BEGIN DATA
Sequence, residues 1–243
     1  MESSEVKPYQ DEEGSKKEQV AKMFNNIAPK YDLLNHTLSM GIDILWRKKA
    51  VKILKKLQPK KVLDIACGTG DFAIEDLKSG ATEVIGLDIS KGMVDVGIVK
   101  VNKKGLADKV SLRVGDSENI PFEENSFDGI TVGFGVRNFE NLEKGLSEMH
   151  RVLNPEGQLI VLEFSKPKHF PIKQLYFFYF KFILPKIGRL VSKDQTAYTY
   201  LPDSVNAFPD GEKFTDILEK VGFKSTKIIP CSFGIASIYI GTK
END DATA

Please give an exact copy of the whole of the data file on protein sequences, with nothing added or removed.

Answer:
Sequence, residues 1–243
     1  MESSEVKPYQ DEEGSKKEQV AKMFNNIAPK YDLLNHTLSM GIDILWRKKA
    51  VKILKKLQPK KVLDIACGTG DFAIEDLKSG ATEVIGLDIS KGMVDVGIVK
   101  VNKKGLADKV SLRVGDSENI PFEENSFDGI TVGFGVRNFE NLEKGLSEMH
   151  RVLNPEGQLI VLEFSKPKHF PIKQLYFFYF KFILPKIGRL VSKDQTAYTY
   201  LPDSVNAFPD GEKFTDILEK VGFKSTKIIP CSFGIASIYI GTK